In the wake of two mass shootings over the weekend, and the president’s suggestion that video games might play a part in the violence, Local 5 is reintroducing a story we reported in 2016.
You’ve heard the saying, “Things aren’t what they used to be.”
That’s definitely true when you talk about how kids are entertained these days. Much of their time is spent in front of a screen, often with a game controller in hand. On Thursday, Local has dedicated the entire day to the effect of screen time on kids.
We also have some insider tips on ways to help your family and children navigate video games in their lives.
1. Is my child addicted to video games?
The researchers we spoke to classified addicted video game behavior.
If your child is classified as addicted, they are having damage to these 5 areas of functioning of their life (not just one or two areas).
2. Why is my child playing video games? What needs are they satisfying?
Researchers told us that video games fulfill several needs for children, and for adults as well. They satisfy autonomy: we like to feel like we’re in control. Video games also satisfy the need to belong: most of us like to feel like we’re connected to others. There’s also the need of competence: we like to feel good at what we do. If kids aren’t getting these needs met in other places in their lives, it could be easy for them to become addicted or more dependent on video games.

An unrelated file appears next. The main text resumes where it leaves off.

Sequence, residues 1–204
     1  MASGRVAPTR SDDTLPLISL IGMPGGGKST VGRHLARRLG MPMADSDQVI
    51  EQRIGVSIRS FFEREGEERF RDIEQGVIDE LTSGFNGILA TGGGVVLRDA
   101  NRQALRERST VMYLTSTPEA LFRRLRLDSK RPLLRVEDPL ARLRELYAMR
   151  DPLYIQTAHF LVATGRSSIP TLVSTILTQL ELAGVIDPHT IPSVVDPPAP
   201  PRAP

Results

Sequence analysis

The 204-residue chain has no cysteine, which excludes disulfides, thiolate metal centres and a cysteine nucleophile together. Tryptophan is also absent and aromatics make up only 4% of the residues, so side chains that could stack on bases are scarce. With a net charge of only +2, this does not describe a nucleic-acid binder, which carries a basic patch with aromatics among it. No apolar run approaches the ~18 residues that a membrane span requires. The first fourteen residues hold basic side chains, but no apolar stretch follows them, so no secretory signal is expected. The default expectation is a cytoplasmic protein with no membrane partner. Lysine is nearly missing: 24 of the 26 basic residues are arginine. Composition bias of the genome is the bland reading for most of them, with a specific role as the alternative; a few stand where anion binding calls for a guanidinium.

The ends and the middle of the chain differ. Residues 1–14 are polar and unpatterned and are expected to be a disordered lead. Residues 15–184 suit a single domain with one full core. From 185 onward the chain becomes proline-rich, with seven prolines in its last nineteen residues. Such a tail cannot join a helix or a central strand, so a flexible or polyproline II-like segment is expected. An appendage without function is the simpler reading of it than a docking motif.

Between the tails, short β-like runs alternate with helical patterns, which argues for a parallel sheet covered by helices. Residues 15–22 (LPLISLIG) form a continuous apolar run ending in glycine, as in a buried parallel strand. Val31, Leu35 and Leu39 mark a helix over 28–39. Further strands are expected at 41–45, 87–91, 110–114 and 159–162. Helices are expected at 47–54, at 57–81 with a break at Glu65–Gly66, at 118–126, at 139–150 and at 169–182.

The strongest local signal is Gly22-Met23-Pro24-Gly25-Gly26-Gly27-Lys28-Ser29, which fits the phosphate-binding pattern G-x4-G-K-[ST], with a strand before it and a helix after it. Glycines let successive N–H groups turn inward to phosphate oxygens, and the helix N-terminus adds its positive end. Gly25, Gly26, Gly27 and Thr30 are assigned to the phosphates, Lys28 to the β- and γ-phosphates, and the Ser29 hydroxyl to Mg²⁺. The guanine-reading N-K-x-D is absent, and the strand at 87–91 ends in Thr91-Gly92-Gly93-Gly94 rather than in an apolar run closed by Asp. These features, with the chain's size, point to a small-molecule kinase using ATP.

3. So what’s good about video games? Do they bring any good qualities to children?
Not all video games can be harmful to children, researchers told us. Some of them are educational, slow-paced, simulation games, and others involve building, creating, and exploring.
Below are some other surprising statistics Local 5 found in our investigation into video games.
8% of youth video gamers in the U.S. would classify by the clinical definition of what it means to be addicted.
HALF of the fourth graders in the U.S. (both boys and girls) have played Grand Theft Auto. A game with violence that is rated for M for mature players only.
If you have any questions about our coverage, or have questions of your own for us about video games, please email us at firstname.lastname@example.org.